The Real Alberta Advantage – It’s the People
Albertans pride themselves on low taxes and good public services like health, education, and infrastructure – a combination often referred to as the Alberta advantage. The political culture of the province is conservative, even if government spending levels might suggest otherwise.
Outside of Alberta, many develop a caricatured view of the province’s residents based on the headline-grabbing rhetoric of its more flamboyant political figures. Albertans are sometimes impatient with this reputation, insisting they’re not as eccentric as all that. Nevertheless, most would acknowledge – with pride – that Alberta has a distinct feel to it, compared to say Ontario, Quebec, BC or the Atlantic region.
So how different are Albertans from other Canadians, really? To assess this question, we compared Albertans’ social values against those in the rest of the country. We found a lot of similarities, but also some important differences.
We define social values as a person’s mental posture or fundamental world view that sets the context in which they react to situations, events, opportunities, and challenges. The Environics values system measures intrinsic values and motivations, social norms and relations, and consumer orientations.
In recent years, we have measured 101 social values. For this analysis, we merged our two most recent years of data. This effectively enlarges our sample, enabling us to make comparisons with greater confidence not only between Alberta and the rest of Canada, but also within Alberta: across Edmonton, Calgary, and the rest of the province.
Our results show that on 70 of the measured values, Albertans, on average, are more or less in line with other Canadians – their values do not stand out markedly. Despite this overall similarity, there are some interesting areas of difference that may help explain Alberta to other Canadians, and perhaps even help folks in different parts of the province understand their fellow Albertans better.
The following are values where Albertans score higher than other Canadians:
- Community Involvement. This is a measure of the interest in what’s happening in one’s neighborhood, city, town, or region. It’s reflected in activities like reading the weekly community newspaper and participating in community organizations.
- Culture Sampling. The view that other cultures have a great deal to teach us, and the desire to incorporate some of these cultural influences into one’s own life.
- Canadian Dream. Albertans disproportionately believe that Canada is a “land of opportunity” where anyone can make it big if they try hard enough.
- Adaptive Navigation. People who score high on this value are confident in their ability to adapt to unforeseen events, spotting opportunities and realizing goals amid change and uncertainty.
- Personal Optimism. General optimism about one’s future.
- Work Ethic. A commitment to working hard now and deferring pleasure to realize greater gains in the future. A belief that children should be taught to work hard in order to get ahead.
- Need for Escape. The desire to regularly escape the stress and responsibilities of everyday life.
- Ecological Fatalism. People highest on this trend believe that some amount of pollution is unavoidable in industrial societies and accept it as a part of life. They feel that there is little they can do to change this fact.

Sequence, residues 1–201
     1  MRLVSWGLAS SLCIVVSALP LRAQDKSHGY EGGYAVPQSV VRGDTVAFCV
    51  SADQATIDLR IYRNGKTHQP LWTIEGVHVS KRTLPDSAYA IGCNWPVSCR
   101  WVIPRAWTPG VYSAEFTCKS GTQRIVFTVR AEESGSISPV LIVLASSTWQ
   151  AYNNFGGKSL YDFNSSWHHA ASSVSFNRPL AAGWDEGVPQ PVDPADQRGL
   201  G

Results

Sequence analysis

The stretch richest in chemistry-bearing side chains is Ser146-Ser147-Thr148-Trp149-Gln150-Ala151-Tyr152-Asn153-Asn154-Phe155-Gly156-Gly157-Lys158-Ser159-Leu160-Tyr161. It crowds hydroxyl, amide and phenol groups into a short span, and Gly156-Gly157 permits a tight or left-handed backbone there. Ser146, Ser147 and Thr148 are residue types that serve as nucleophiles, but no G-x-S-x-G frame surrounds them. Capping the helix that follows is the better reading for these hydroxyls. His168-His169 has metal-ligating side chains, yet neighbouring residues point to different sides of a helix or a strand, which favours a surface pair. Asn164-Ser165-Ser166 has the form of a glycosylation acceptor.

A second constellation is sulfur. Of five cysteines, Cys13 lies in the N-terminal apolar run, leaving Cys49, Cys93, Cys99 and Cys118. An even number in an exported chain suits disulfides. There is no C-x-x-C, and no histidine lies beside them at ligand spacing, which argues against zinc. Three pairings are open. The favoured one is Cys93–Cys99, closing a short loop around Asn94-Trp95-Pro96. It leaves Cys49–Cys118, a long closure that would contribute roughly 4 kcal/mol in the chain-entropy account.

- Traditional Family. Defining “family” in traditional terms as a man and a woman, married with children.
- Religiosity. Placing great importance on religion and believing it represents the essential values that should be transmitted to the next generation.
While Albertans score higher than other Canadians on the values listed above – many connected to concepts such as personal autonomy and achievement – they score below average on the value Active Government. This finding suggests that Albertans express little desire for increased government involvement in social issues, and that they don’t believe government generally works effectively or delivers important benefits to society.
What about variations within the province?
Values like Community Involvement and Culture Sampling are broadly shared among Albertans across urban and rural regions. Calgary is strongest when it comes to belief in the Canadian Dream and Adaptive Navigation, a finding that accords with a burgeoning start-up scene in that city.
Work Ethic and Need for Escape are more prevalent outside the two major cities, as are the traditional values associated with religiosity and family structure. Outside the major cities, some also lean toward authoritarian leaders who promise to set things right when it appears that traditions are threatened. Some also hold the view that newcomers should conform to Canadian culture first and foremost.
Meanwhile, Edmonton residents stand apart from other Albertans in their support for Active Government (not surprising in the provincial capital, a government town to some degree). They also run against the provincial grain in their rejection of Ecological Fatalism – believing that environmental degradation is not an acceptable price to pay for economic growth.
In all, the portrait of Alberta that emerges in our social values is a province of work-hard-play-hard residents who balance personal striving with community responsibility, and who optimistically embrace the “Canadian Dream” while seeing the good that diverse cultures have to offer. With all these positive attributes, maybe it’s the people who are the real Alberta advantage, rather than the tax structure.
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